Judd new 3.14By JUDD MATSUNAGA

For years, I’ve been writing about caring for your loved ones who are at nursing homes. However, my “expertise” has been primarily built upon second-hand knowledge, i.e., from experiences of my clients and from long-term care advocates I hear at legal seminars and symposiums.

That is, until recently, when my father-in-law spent some time in a nursing home after major life-saving surgery. I was able to use my knowledge of the law to make sure that he got the best of care. But I also learned some things about how the “system” works that I didn’t know before. I’d like to share some things that I learned in this and future Rafu Shimpo articles.

First, the care planning conference. Under the law, a nursing home resident has the right to receive good care. But in order to provide “good care,” the nursing home staff must work with you (and your family) to develop an individualized, written care plan that supports your needs, abilities, interests and preferences.

The staff members need to get a “whole picture” of who you are. Otherwise, it is likely that your needs will go unmet and your preferences unnoticed. Knowledge about who you are helps build respect and understanding — two critical ingredients of dignified care. Assessments must be done within seven days of admission.

I knew that the family had the right to be involved in that meeting. What I didn’t know was that the family has to request to be involved. After hours of visiting over the course of several weeks, it was quite apparent that every staff member was busy. Gathering six or seven of the department heads to all be available at the same time must have been quite a chore.

My “hunch” is that if a family doesn’t request to be involved, that care planning conference happens without them. If you and key family members get involved in the care planning process, it is almost certain that you will get better care and enjoy a higher quality of life.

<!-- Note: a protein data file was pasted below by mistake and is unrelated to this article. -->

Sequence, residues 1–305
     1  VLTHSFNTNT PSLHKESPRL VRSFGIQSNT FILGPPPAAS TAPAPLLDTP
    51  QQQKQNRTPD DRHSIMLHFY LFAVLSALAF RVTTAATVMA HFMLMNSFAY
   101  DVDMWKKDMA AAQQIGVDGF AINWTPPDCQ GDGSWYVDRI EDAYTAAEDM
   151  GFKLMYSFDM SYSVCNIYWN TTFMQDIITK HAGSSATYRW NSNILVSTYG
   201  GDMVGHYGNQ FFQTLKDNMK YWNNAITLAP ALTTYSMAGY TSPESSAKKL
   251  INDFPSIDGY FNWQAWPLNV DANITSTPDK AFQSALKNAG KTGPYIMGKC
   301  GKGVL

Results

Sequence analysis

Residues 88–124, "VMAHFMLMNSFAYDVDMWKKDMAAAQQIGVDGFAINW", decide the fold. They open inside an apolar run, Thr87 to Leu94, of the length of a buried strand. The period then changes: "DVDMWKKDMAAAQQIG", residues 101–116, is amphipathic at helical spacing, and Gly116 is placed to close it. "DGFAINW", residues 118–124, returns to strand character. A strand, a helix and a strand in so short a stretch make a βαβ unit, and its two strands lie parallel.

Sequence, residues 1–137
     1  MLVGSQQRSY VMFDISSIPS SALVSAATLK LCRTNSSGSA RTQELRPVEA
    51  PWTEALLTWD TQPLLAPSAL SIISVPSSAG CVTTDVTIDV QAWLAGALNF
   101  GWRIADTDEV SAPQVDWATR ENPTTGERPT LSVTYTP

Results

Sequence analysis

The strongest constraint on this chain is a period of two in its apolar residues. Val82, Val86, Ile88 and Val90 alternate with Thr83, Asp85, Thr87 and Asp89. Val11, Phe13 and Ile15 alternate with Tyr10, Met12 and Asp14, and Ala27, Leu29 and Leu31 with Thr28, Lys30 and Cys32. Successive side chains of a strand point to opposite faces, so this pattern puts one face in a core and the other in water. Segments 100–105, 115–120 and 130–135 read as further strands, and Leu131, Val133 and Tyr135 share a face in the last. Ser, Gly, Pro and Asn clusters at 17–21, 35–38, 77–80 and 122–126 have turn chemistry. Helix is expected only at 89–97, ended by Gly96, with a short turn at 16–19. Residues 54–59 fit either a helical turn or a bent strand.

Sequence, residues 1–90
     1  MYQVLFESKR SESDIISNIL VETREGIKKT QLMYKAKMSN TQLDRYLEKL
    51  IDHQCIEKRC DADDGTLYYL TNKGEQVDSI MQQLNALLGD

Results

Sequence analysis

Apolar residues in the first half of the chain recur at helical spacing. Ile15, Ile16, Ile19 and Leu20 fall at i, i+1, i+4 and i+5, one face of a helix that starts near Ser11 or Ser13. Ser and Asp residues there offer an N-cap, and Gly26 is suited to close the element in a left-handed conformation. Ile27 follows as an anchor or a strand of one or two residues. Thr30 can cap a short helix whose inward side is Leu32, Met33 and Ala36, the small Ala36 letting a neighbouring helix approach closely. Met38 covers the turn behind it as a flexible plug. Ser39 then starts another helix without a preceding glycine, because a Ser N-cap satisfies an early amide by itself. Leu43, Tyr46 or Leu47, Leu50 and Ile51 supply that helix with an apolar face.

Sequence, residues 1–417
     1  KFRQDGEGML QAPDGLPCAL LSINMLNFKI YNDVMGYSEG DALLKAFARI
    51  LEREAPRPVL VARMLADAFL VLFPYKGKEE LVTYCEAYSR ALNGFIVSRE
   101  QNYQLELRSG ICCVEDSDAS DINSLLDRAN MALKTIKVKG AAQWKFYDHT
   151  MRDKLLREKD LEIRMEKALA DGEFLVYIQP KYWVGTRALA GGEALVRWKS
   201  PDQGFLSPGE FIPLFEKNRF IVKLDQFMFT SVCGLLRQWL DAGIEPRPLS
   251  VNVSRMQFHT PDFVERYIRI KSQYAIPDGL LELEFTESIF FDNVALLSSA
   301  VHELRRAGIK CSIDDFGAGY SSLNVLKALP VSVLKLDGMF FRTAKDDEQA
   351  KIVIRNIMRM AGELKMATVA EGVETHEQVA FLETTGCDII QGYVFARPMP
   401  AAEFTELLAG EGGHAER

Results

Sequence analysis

A good care conference takes time, sometimes an hour or more. During the meeting, the staff should explain care options and ask you about your needs and preferences. Don’t be afraid to speak up. Discuss your goals, such as plans for discharge or hopes of improved health and independence. You have the right to give information, ask questions and offer suggestions. Last but not least, ask for a copy of the written care plan.

Secondly, after receiving three weeks of physical therapy at the nursing home, my father-in-law wanted to know when he would be able to go home. However, he was told by the physical therapists and other care staff that in order for him to go home, the doctor must sign an order to discharge. This frustrated him because we never saw nor got to speak with the doctor.

I walked into the assistant administrator’s office to express the family’s concerns about the lack of doctor visits. He responded, “Around nursing homes, doctors are invisible.” He went on, “If the family wants him to go home, we’ll make sure the doctor signs the order.” Sure enough, when the family arranged for certain medical equipment to be ordered, the doctor signed the discharge papers — we still never saw the doctor.

Now, the case manager at the nursing home told us that the doctor had signed an order to authorize Medicare to pay for physical therapy at home three days a week. What I didn’t know was that this same doctor, the one we never saw, authorized a certain home care agency to provide the care at home.

Here’s what I wanted to share — we didn’t have to use the home health care agency that the doctor ordered. We could choose our own, as long as the home health care agency was a licensed Medicare provider. In other words, why should we use a home health care agency we didn’t know, recommended by a doctor we never saw?